The Malta NCA’s relationship with other regulatory authorities

The Director General explained that the Malta NCA does not carry out its merger assessment in a vacuum, rather it consults with the appropriate regulator, where necessary and possible, to be in a better position to understand the markets concerned.

Besides the ‘traditional’ regulatory authorities, he Director General remarked that in some instances, the Malta NCA has also sought information from the National Foreign Direct Investment Screening Office in Malta.

Looking ahead – What’s on the legislative horizon for merger control in Malta?

The Director General also shared with Ganado insight on the upcoming legislative amendments in merger control. He explained that given that the merger regulations have been largely untouched since their inception, the time for amendments is nigh.

The Director General held that the current turnover thresholds will be revised to reflect the increased rate in inflation so that transactions of small fry are no longer notifiable to the Malta NCA. This would not only help small companies avoid being burdened with filing expenses but also allow the Malta NCA to free some of its limited resources and shift them to more fruitful work. A simplified notification form is also on the horizon, making the notification of small transactions a smoother and cheaper process[1].  The Director General also mentioned that the Malta NCA wants to move towards a paperless system, only accepting concentration notification forms (and ancillary documents) electronically rather than requiring parties to provide hard copies.

Gunjumping – a heavy price to pay (which might get even heavier!)

Parties to deals and their advisors should heed carefully the Director General’s stern reminder on their mandatory obligation of notifying their transactions to the Malta NCA, in order to avoid facing hefty penalties for gunjumping[2]. To this end, the Director General further mentioned that plans are in the pipelines to increase the penalties for gunjumping to further deter parties from failing to follow their mandatory notification obligations.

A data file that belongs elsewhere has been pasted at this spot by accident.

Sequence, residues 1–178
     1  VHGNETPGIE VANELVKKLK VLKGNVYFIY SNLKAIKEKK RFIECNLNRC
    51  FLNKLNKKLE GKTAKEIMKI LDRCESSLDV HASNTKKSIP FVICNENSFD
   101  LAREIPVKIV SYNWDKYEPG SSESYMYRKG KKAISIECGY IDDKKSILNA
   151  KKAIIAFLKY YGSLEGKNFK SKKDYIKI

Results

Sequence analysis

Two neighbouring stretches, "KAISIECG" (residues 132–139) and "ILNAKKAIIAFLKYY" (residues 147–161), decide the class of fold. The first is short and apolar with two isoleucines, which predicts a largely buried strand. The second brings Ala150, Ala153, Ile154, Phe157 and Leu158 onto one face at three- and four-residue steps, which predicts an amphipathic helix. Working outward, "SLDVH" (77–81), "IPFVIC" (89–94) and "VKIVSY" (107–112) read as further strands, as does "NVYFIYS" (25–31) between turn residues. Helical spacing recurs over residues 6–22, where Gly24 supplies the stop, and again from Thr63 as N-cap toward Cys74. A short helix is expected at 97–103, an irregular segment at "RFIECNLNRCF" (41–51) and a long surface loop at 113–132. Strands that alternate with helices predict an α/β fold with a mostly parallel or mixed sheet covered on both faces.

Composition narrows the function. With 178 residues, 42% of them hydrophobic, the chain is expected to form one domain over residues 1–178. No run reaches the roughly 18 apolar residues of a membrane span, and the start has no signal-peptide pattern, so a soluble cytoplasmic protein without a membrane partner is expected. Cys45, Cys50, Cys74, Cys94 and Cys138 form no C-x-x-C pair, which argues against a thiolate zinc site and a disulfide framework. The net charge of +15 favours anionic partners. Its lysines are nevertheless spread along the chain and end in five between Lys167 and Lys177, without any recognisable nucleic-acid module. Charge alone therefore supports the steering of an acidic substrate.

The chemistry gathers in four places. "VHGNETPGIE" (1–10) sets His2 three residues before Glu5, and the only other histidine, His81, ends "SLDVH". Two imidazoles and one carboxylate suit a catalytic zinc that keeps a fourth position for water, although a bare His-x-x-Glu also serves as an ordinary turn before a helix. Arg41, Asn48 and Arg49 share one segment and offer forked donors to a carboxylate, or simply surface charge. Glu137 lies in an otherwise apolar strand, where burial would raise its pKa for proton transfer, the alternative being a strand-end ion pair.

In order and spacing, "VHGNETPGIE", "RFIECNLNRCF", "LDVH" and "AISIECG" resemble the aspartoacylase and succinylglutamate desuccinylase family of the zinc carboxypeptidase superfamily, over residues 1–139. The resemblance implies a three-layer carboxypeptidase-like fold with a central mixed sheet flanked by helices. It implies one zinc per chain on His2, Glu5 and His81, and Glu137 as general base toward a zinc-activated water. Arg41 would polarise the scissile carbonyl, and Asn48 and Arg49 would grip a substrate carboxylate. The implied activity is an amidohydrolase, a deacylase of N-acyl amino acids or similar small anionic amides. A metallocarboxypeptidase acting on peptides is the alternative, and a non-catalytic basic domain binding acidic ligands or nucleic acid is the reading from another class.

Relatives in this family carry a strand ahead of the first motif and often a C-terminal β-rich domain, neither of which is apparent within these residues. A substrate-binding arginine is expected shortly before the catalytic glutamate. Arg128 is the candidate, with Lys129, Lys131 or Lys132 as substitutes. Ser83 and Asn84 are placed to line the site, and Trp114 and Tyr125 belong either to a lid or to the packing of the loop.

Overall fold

Closing remarks

The Director General closed off the podcast by giving parties a simple but necessary reminder; contact your respective advisors at the onset of deal negotiations to be able to understand whether the transaction is notifiable and to get the ball rolling on the merger control process. The Director General also reminded parties that the Malta NCA adopts an open-door policy and welcomes pre-notification meetings which provide parties with the ample opportunity to discuss with the Malta NCA their deals and concerns, prior to notification.

[1] In 2023 the European Commission also introduced a simplified procedure for small notifiable transactions which are caught under the European Union Merger Regulation. The 2023 Merger Simplification Package can be accessed here:

[2] Gunjumping refers to parties’ failure to notify their transactions to the Malta NCA as well as the parties’ implementation of transactions, prior to receiving clearance from the Malta NCA.